The following commentary by Wilmington attorney Stephen E. Jenkins appeared in the Philadelphia Inquirer on June 5.
Pennsylvania House Bill 1947, which has now been sent to the Pennsylvania Senate, would largely eliminate the statute of limitations relating to allegations of child sexual abuse by private parties. Among other things, it would allow civil claims for abuse to be brought at any time until a victim is 50 years old. In addition, some – but not most – victims will be allowed to sue for abuse that happened decades ago.
Many politicians and plaintiffs’ lawyers say that this represents long-needed “reform” and “justice.” I have a different perspective.
I was the volunteer attorney for a variety of Catholic institutions in Delaware after a similar bill was passed. Far from justice and reform, I saw the devastation it caused and the unfairness it created.
Supporters of HB 1947 claim that not one school, church, or charitable activity has been closed down in states that have passed similar legislation. That claim is wrong.
In Delaware, for example, one excellent inner-city school, St. Paul’s, which served a primarily poor Hispanic population, was forced to shutter its doors because the money it needed to operate went instead to settle lawsuits. Another school, Pope John Paul II, closed only months after the settlement because it had a sudden financial emergency and the money for such emergencies had been taken for the settlement.
Nor did the cuts end there. Ten percent of the diocesan employees were laid off, and Catholic Charities, Catholic cemeteries, and many parishes were required to chip in millions of their badly needed dollars to settle the cases. Those payments reduced the ability of all of them to carry out their ministries.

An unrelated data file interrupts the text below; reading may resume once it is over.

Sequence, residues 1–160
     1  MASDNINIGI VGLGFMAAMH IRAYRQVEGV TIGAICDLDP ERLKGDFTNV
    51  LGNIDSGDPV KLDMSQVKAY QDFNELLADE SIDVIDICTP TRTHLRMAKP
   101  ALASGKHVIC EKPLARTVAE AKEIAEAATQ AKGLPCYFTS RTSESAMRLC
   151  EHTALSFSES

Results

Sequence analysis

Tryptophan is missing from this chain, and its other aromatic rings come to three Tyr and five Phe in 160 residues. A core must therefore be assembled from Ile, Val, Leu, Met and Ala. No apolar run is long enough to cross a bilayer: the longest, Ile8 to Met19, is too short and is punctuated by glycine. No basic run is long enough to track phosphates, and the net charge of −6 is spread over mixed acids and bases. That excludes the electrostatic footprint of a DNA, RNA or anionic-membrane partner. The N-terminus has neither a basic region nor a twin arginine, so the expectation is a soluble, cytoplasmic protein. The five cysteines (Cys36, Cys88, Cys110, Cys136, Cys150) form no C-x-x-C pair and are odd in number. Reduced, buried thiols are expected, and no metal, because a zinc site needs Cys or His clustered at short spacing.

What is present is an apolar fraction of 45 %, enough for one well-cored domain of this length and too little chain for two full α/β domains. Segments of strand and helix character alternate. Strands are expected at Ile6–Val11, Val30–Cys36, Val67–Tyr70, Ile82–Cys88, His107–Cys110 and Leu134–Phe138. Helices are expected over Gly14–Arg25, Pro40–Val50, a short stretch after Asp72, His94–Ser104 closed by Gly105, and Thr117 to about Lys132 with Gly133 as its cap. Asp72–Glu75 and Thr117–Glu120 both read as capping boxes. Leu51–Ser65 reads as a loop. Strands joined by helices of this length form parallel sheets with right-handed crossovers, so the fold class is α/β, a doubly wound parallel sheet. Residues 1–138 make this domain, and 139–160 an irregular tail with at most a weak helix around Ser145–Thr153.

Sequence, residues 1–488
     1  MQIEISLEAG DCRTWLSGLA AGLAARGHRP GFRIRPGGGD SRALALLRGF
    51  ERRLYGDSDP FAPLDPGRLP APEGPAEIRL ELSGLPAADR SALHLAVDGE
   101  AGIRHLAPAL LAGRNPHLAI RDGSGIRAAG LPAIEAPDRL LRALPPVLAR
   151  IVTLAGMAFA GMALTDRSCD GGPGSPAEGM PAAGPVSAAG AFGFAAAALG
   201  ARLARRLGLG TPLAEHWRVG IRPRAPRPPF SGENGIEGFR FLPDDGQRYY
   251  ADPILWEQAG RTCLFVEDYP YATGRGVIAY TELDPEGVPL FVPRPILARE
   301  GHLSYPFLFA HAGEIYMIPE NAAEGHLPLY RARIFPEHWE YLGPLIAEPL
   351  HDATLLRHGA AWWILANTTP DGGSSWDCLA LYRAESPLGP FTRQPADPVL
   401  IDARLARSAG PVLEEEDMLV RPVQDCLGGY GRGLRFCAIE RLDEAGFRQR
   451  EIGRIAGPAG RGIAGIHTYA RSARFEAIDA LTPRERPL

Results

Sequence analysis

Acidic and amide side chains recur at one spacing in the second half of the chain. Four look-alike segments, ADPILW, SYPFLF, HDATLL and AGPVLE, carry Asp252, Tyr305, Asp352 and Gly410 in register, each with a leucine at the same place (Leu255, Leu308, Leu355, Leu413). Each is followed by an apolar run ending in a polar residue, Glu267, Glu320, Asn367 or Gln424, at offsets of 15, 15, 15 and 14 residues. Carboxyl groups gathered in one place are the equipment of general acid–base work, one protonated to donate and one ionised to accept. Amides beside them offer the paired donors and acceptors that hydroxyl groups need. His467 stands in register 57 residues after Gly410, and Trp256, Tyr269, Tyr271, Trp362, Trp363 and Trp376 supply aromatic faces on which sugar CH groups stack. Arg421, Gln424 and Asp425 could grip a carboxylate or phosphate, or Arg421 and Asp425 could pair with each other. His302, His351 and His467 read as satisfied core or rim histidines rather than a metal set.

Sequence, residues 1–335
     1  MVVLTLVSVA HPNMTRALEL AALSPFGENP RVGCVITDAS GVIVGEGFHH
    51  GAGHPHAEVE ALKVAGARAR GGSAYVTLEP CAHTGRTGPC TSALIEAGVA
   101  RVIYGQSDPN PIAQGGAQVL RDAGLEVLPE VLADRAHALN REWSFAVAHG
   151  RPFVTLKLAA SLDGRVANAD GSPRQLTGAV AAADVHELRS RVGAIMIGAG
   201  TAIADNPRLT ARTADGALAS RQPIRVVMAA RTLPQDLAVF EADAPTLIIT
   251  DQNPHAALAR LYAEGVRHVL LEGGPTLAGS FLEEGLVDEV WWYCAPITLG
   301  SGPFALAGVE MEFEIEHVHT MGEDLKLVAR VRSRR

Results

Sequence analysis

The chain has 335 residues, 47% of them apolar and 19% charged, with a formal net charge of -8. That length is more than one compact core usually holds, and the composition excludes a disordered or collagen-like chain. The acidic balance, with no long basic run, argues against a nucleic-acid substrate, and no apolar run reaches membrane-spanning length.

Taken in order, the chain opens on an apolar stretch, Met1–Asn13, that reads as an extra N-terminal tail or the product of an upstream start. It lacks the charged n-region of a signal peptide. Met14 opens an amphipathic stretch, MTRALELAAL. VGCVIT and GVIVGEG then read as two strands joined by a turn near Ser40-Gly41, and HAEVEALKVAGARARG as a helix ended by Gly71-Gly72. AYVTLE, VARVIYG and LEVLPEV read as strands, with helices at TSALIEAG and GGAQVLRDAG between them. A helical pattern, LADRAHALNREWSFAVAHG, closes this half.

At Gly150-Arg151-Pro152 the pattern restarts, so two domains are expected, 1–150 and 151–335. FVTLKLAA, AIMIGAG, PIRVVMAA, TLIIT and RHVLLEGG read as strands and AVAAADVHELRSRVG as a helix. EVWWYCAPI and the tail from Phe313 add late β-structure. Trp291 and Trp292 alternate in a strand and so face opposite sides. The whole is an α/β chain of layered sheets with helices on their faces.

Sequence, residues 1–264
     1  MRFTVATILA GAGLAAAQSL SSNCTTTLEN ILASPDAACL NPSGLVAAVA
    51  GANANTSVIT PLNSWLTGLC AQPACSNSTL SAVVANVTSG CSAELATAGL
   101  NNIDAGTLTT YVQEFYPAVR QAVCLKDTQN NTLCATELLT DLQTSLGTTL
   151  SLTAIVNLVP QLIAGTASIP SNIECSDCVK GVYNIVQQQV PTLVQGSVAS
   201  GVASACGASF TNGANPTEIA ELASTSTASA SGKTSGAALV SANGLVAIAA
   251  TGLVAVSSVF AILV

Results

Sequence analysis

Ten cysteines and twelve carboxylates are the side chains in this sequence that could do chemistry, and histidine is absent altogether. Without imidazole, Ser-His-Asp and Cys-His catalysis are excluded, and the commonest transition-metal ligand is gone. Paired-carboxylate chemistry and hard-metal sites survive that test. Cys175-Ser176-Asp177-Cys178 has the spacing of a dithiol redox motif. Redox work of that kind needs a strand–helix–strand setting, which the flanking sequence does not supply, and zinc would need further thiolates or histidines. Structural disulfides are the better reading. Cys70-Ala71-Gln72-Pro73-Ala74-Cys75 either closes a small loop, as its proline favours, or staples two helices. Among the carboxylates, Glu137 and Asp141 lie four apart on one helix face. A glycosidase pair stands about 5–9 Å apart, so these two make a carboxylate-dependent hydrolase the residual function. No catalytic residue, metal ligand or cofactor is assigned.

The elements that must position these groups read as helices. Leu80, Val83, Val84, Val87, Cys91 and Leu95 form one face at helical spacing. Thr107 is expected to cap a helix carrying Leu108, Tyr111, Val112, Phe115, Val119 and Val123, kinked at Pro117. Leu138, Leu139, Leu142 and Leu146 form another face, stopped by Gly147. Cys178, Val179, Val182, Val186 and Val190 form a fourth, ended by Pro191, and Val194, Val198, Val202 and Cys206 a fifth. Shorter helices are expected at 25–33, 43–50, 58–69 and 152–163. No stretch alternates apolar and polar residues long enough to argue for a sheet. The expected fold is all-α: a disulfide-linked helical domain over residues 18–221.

And where did the money come from? Not from the abusers or wrongdoers, who didn’t pay anything.
Instead, every dime originally came from members of the church who donated it to help the church carry out its ministries. In the end, a significant percentage of the amount paid in settlement went to lawyers and legal costs.
To make matters worse, the Delaware bill was discriminatory. It allowed suits by victims against private institutions and churches but prevented most victims of government employees from suing for past abuse. HB 1947 does the same thing.
The Pennsylvania bill does not permit victims of government employees to sue for past sexual abuse. It also requires a victim of future sexual abuse to prove that a state institution was “grossly negligent,” a much tougher standard.
Yet, by all indications, there is far more sexual abuse of children in government institutions than in private ones. Just a few days ago the Inquirer carried an alarming story about possible sexual abuse and cover-ups occurring in the Plum Borough School District, in Western Pennsylvania. If these claims are true, it will show that at least one school district has failed to put into place the child-protection steps that private institutions started implementing decades ago.
Why the double standard? Why are victims of sexual abuse in a public school any less deserving or important than private-school victims?
If justice demands that private-school victims be given a chance to sue for past injuries, what kind of justice is it that says that public-school victims have no such rights?
Child sexual abuse is evil, and the abusers deserve to be punished for their terrible crimes. But HB 1947 isn’t going to punish a single abuser. Instead, it will almost certainly result in closed schools and reduced ministries, thus hurting the innocent – particularly children and the poor.
Meanwhile, victims who suffered precisely the same horrifying abuse in public schools will get nothing, merely because the abuse was committed by a government employee.
How does such a bill represent justice?